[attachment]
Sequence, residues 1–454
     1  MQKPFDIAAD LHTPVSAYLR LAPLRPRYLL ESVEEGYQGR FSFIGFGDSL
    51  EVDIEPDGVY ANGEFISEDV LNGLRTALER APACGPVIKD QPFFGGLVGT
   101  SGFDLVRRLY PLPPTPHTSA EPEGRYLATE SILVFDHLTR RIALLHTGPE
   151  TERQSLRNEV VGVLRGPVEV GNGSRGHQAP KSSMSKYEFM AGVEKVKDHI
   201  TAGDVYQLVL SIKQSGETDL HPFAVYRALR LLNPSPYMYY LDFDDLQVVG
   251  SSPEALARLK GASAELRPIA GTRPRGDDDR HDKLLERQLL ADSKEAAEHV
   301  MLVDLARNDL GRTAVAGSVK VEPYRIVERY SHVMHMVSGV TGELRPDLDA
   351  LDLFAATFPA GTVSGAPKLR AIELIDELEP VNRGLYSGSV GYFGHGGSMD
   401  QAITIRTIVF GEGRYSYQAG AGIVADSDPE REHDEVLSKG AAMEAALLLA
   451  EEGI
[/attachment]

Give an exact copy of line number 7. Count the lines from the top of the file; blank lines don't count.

   251  SSPEALARLK GASAELRPIA GTRPRGDDDR HDKLLERQLL ADSKEAAEHV